MARIANA and THE THREE COYOTESIn a far-off land there was once a little girl who was calledMariana, She was a happy child, but a little restless that she could notbe kept happy at school, why because of long Division, but must run away, withoutleave. WCPM 38One day she started off into a desert to gather wild flowers, and into thecactus to chase butterflies. She ran here and she ran there, and went sofar, at last, that she found herself in a lonely place, where she saw asnug little casa, in which three coyotes lived; but they were not then athome. WCPM 100The door was open, and Mariana pushed it open and found the place tobe quite empty, so she made up her mind to go in boldly, and look allabout the place, little thinking what sort of people lived there. WCPM 143Now the three coyotes had gone for a walk a little before Mariana arrived.They were the Daddy coyote, and the Mommy coyote, and the Babycoyote; but they had left their frijoles on the table to cool. So whenMariana came into the kitchen, she saw the three bowls of frijoles.She tasted the largest bowl, which belonged to the Daddy coyote andfound it too spicy; then she tasted the medium bowl of frijoles, whichbelonged to the Mommy coyote, and found it too salty; then she tastedthe smallest bowl, which belonged to the Baby coyote, and it was justright, and she ate it all up. She usually stayed away from beans becausethey always gave her gas! WCPM 267She went into the parlor, and there were three chairs. She tried thebiggest chair, which belonged to the Daddy coyote, and found it too high;then she tried the middle-sized chair, which belonged to theMommy coyote, and she found it too hard; then she tried the littlechair, which belonged to the Baby coyote, and found it just right, butshe sat in it so hard that she broke it. WCPM 341Now Mariana was by this time very tired, and she went upstairs tothe chamber, and there she found three beds. She tried the largest bed,which belonged to the Daddy coyote, and found it too soft; then she triedthe middle-sized bed, which belonged to the Mommy coyote, and shefound it too hard; then she tried the smallest bed, which belonged tothe Baby coyote, and found it just right, so she lay down upon it, andfell fast asleep. WCPM 421More Teacher Made Fluency Drills Grade 3, 4, 5 and 6 George Washington Carver George Washington Carver was an American scientist, botanist, educator, and inventor. He was born into slavery during the America Ci8vil wart in Missouri a year before the end of the war. CWPM 31 When George Washington Carver was only a week old, George, a sister, and his mother were kidnapped by night raiders from Arkansas. George's brother, James, was rushed to safety from the kidnappers. The kidnappers sold the slaves in Kentucky. Moses Carver hired John Bentley to find them, but he located only the infant George. Moses negotiated with the raiders to gain the boy's return. and rewarded Bentley. CWPM 99 After slavery was abolished, Moses Carver and his wife Susan raised George and his older brother James as their own children. They encouraged George to continue his love of learning and reading, and his "Auntie Susan" taught him the basics of reading and writing that he turned into a lifelong passion of learning. CWPM 147 African American people were not allowed to go to white only public schools in Diamond Grove. The nearest segregated school for African American children was 10 miles away in Neosho, George decided to go there to continue his education. When he reached the town, he found the school closed for the night. He slept in a nearby barn. By his own account, the next morning he met a kind woman, Mariah Watkins, from whom he wished to rent a room. When he identified himself as "Carver's George," as he had done his whole life, she replied that from now on his name was "George Carver". George liked this lady very much, and her words, "You must learn all you can, then go back out into the world and give your learning back to the people", made a great impression on him. CWPM 286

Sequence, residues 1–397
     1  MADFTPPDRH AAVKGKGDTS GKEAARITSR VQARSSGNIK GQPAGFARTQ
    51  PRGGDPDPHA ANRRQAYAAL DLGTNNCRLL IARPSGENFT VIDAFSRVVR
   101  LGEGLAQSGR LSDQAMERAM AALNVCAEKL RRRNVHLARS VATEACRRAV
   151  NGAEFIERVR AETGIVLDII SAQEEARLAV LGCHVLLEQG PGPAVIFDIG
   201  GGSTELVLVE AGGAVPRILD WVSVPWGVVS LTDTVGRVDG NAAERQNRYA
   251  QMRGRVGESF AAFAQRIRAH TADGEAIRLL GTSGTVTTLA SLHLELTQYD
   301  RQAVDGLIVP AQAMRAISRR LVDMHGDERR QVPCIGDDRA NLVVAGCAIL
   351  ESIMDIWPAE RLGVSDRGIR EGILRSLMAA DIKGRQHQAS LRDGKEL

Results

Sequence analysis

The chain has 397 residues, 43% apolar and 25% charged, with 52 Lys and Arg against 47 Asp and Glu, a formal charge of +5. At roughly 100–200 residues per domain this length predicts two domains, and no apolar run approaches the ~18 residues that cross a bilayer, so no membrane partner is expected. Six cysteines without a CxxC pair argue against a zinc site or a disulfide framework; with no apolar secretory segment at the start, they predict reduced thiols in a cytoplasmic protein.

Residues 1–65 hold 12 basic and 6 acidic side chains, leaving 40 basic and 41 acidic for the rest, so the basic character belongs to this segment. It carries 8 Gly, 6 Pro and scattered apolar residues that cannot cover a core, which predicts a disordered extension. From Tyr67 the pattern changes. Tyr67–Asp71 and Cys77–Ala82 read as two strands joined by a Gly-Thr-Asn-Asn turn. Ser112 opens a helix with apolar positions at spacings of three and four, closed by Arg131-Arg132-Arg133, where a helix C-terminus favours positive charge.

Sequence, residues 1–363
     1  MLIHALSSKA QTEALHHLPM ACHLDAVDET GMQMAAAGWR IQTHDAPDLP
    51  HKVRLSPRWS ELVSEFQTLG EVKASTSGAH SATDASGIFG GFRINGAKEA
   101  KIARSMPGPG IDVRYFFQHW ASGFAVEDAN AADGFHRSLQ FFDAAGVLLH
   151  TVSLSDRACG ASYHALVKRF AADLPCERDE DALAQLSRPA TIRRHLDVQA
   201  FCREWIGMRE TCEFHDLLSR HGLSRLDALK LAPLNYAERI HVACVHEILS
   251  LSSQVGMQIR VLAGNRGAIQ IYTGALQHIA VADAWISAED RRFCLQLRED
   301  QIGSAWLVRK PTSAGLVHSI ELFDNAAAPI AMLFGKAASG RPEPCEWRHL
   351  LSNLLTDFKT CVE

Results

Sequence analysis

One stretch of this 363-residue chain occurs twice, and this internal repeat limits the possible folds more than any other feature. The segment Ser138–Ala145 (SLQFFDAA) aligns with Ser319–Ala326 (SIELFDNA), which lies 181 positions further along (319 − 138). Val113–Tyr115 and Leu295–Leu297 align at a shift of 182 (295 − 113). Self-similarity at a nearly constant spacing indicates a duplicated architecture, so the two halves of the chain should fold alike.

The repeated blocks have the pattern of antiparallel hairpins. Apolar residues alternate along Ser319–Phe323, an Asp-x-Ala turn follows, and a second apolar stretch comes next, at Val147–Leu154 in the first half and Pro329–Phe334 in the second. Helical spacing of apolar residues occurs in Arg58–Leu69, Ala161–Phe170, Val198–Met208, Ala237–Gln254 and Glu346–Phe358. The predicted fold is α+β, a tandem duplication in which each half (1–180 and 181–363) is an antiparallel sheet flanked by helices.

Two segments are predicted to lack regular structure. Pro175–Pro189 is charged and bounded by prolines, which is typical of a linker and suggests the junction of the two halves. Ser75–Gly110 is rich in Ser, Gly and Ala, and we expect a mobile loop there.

4TH GRADE FLUENCY DRILL